1. Before the court’s acceptance, the reorganisation of a listed company must be pre-approved by the local government, the CSRC and the Supreme People’s Court; and
    2. Apart from optimising the financial structure, it is more important for listed companies to avoid delisting through reorganisation.

Currently, the pre-approval process remains troubled by lack of a sound communication and co-ordination mechanism between the company, government, court and regulatory authority; unclear review criteria; and an indeterminate review period. Pursuant to the Enterprise Bankruptcy Law, the reorganisation procedure terminates once the court approves the plan, but with the listing rules of stock exchanges, the risk of delisting is only eliminated after the reorganisation plan is implemented and completed. Reorganisation is often time-critical for listed companies. Accordingly, it is worth looking into how to improve the linking mechanism.

Information disclosure and prevention of insider trading. In early 2022, the Shanghai and Shenzhen stock exchanges issued self-regulatory guidelines based on their listing rules, detailing and strengthening information disclosure and the prevention and control of insider trading relating to listed company reorganisations. It adopts the principles of disclosing information in phases, improving disclosure requirements for key matters, and providing explanations where a disclosure cannot be made.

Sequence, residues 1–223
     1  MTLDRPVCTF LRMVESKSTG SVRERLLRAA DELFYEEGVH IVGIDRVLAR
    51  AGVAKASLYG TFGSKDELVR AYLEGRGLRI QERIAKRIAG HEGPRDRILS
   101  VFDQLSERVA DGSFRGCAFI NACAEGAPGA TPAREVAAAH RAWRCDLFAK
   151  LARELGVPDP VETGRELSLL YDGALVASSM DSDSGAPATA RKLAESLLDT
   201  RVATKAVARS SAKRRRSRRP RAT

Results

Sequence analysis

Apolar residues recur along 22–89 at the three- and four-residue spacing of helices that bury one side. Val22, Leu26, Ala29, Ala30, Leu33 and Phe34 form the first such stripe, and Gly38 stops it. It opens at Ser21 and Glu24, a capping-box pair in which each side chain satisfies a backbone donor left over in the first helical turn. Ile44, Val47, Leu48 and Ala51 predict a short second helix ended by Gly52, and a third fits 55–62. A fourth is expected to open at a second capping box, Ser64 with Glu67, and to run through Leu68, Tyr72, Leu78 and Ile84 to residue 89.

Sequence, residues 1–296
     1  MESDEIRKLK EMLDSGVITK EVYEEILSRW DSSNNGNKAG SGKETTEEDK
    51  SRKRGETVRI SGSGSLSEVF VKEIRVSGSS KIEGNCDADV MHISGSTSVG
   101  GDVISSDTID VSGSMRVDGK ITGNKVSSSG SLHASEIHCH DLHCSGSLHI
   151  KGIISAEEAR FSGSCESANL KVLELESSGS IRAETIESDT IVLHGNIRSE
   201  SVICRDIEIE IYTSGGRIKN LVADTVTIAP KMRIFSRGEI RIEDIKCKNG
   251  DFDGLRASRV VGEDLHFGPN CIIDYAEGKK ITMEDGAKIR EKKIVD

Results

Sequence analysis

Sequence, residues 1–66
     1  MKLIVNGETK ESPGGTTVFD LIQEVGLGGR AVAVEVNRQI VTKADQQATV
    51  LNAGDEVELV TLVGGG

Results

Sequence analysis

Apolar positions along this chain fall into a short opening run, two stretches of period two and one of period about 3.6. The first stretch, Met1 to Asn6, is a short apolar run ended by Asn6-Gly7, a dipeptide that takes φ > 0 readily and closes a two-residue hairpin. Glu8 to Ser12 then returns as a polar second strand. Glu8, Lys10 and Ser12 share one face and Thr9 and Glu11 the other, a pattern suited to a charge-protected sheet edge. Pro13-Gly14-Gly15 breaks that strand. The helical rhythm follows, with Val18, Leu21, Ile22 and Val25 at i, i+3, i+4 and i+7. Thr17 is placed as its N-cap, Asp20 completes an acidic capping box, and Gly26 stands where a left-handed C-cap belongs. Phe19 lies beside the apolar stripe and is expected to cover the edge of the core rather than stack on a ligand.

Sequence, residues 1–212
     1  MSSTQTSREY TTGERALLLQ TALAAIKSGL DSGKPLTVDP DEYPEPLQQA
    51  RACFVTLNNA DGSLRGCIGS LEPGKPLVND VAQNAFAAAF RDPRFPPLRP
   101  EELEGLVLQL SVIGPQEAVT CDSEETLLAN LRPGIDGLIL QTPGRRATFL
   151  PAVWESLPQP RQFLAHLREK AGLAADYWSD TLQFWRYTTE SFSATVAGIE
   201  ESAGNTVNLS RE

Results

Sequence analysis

In practice, obtaining prior approval for acceptance by the court is the most difficult and critical part of a listed company reorganisation, as so far all court-accepted cases of reorganisation have succeeded. Prior approval involves the court, local government, CSRC and many other authorities, with the CSRC review the most crucial. Progress of the approval often has a visible effect on the stock trading price, but current regulatory rules do not require listed companies to disclose information on such progress which, to a certain extent, poses a risk of insider trading.

Pricing in conversion of capital reserves to stock for debt repayment. Since 2014, the conversion of capital reserves into stock has emerged as a highlight of listed company reorganisations. As the stock of listed companies is highly liquid, stock converted from capital reserves is used not only to bring in a restructuring party, resolve legacy issues and make distribution to shareholders, but also to repay debts.

How to determine the price of the stock for the debt repayment in a reorganisation plan is a common point of dispute, because it has a bearing not only on the actual repayment interests of the creditors, but also on the liability borne by guarantors. In some cases, the claims requiring repayment are based on the stocks available for the debt repayment, which is then used to deduce the stock price of debt repayment, aiming at the 100% discharge rate. If a guarantor argues that it does not bear security liability based on this a dispute will arise, as there are cases where the court does not recognise such debt repayment arrangements.

Accordingly, the price of the stock for debt repayment needs to be determined reasonably and fairly in the reorganisation of a listed company and, where necessary, an independent professional firm may be engaged to conduct a valuation to serve as a base reference to protect the interests of the creditors.

Xu Shengfeng is a senior partner at Zhong Lun Law Firm. He can be contacted by phone at +86 755 3325 6666 or by email at